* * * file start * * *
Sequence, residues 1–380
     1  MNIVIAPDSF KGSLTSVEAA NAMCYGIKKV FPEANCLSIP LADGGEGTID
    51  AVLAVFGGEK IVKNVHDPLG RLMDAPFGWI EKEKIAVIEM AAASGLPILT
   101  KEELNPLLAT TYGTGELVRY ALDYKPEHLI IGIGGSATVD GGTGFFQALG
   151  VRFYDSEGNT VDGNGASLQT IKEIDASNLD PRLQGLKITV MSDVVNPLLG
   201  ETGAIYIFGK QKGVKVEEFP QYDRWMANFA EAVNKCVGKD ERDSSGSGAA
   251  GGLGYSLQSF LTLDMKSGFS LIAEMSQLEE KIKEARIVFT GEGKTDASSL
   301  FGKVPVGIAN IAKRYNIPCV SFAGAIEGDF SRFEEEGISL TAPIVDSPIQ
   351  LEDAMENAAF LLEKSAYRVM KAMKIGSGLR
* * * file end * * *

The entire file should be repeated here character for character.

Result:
Sequence, residues 1–380
     1  MNIVIAPDSF KGSLTSVEAA NAMCYGIKKV FPEANCLSIP LADGGEGTID
    51  AVLAVFGGEK IVKNVHDPLG RLMDAPFGWI EKEKIAVIEM AAASGLPILT
   101  KEELNPLLAT TYGTGELVRY ALDYKPEHLI IGIGGSATVD GGTGFFQALG
   151  VRFYDSEGNT VDGNGASLQT IKEIDASNLD PRLQGLKITV MSDVVNPLLG
   201  ETGAIYIFGK QKGVKVEEFP QYDRWMANFA EAVNKCVGKD ERDSSGSGAA
   251  GGLGYSLQSF LTLDMKSGFS LIAEMSQLEE KIKEARIVFT GEGKTDASSL
   301  FGKVPVGIAN IAKRYNIPCV SFAGAIEGDF SRFEEEGISL TAPIVDSPIQ
   351  LEDAMENAAF LLEKSAYRVM KAMKIGSGLR